Evolved Laser Interferometer Space Antenna

View of amplified effects of a + polarized gravitational wave (stylized) on eLISA laser beams / arms paths.
Detector noise curves for LISA and eLISA as a function of frequency. They lie in between the bands for ground-based detectors like Advanced LIGO (aLIGO) and pulsar timing arrays such as the European Pulsar Timing Array (EPTA). The characteristic strain of potential astrophysical sources are also shown. To be detectable the characteristic strain of a signal must be above the noise curve.[27]

Simplified operation of a gravitational wave observatory

Figure 1: A beamsplitter (green line) splits coherent light (from the white box) into two beams which reflect off the mirrors (cyan oblongs); only one outgoing and reflected beam in each arm is shown, and separated for clarity. The reflected beams recombine and an interference pattern is detected (purple circle).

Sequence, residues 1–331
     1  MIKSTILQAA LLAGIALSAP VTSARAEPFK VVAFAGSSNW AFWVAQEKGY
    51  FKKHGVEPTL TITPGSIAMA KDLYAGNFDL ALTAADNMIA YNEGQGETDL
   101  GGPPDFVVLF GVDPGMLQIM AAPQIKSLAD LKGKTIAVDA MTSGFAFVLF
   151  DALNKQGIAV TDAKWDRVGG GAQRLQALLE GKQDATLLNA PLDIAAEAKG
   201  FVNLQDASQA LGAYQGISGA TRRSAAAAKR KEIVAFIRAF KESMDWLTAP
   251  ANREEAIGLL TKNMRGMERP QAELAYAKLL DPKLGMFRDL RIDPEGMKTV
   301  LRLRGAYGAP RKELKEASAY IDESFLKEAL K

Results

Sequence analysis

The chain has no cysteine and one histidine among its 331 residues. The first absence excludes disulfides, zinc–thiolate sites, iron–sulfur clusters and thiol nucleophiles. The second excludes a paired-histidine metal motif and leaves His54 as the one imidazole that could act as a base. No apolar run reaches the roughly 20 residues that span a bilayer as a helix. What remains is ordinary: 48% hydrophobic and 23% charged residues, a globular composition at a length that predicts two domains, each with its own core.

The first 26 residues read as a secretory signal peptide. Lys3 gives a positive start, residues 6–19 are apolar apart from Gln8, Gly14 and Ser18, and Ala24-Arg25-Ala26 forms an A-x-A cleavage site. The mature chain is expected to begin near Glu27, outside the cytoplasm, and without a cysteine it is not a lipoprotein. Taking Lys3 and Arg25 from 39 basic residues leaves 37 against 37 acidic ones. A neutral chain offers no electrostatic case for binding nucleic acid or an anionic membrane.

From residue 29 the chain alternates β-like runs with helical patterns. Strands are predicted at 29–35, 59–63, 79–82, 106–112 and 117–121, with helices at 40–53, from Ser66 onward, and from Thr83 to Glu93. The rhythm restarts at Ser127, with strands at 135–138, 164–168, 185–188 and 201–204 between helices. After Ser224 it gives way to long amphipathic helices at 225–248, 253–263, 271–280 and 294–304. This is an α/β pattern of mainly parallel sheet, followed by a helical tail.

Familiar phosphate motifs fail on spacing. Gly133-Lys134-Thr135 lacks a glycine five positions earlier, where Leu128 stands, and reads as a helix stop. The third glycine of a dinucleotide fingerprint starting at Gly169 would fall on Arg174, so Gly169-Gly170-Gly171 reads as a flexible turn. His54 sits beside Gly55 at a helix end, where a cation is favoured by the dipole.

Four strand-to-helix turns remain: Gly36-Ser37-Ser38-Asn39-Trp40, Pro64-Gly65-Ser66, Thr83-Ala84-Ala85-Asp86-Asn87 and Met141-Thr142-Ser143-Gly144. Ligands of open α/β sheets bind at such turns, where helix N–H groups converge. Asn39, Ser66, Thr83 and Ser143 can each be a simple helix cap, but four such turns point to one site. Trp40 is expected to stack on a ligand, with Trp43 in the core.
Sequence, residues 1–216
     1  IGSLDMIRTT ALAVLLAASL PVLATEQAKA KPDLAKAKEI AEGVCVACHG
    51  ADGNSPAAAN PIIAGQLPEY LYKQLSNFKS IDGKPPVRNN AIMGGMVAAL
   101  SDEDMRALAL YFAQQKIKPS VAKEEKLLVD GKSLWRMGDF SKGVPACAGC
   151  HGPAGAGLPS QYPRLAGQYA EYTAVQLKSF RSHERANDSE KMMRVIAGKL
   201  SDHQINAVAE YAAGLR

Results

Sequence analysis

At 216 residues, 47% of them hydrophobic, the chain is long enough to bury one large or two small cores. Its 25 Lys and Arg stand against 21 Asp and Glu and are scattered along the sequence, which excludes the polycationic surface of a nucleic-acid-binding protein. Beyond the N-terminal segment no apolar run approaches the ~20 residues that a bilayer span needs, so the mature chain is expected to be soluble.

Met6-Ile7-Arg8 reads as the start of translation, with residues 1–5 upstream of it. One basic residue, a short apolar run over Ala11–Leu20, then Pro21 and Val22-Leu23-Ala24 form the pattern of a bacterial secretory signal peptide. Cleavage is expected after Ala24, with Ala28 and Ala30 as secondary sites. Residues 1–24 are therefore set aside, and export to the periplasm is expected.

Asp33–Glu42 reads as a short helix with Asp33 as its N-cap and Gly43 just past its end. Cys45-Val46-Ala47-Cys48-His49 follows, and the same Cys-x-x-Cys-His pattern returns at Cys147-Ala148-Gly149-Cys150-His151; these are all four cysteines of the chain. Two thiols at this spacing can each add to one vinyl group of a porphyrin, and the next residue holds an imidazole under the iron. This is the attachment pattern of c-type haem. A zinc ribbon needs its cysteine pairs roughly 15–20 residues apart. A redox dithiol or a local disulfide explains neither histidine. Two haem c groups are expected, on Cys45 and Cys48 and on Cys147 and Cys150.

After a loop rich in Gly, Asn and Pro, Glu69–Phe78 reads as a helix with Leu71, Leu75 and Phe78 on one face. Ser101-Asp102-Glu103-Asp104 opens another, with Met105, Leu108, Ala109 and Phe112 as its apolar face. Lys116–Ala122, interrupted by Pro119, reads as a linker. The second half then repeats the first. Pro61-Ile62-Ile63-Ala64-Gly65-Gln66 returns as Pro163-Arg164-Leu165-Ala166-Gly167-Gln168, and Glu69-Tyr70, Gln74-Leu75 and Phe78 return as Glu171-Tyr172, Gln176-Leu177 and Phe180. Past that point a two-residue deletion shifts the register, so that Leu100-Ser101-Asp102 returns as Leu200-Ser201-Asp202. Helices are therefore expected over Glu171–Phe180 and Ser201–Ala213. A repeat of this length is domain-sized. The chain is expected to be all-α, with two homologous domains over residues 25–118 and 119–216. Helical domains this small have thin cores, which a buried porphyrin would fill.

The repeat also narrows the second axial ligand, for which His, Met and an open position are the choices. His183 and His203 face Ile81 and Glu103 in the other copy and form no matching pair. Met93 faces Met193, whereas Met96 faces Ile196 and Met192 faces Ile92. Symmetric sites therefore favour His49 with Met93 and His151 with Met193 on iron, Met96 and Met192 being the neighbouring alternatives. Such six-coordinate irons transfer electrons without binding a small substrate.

Figure 2: A gravitational wave passing over the left arm (yellow) changes its length and thus the interference pattern.
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Like every modern gravitational wave observatory, eLISA is based on laser interferometry technique. Its three satellites form a giant Michelson interferometer in which two “slave” satellites play the role of reflectors and one “master” satellite the one of source and observer. While a gravitational wave is passing through the interferometer, lengths of the two eLISA arms are varying due to space-time distortions resulting from the wave. Practically, it measures a relative phase shift between one local laser and one distant laser by light interference. Comparison between the observed laser beam frequency (in return beam) and the local laser beam frequency (sent beam) encodes the wave parameters. See: Evolved Laser Interferometer Space Antenna

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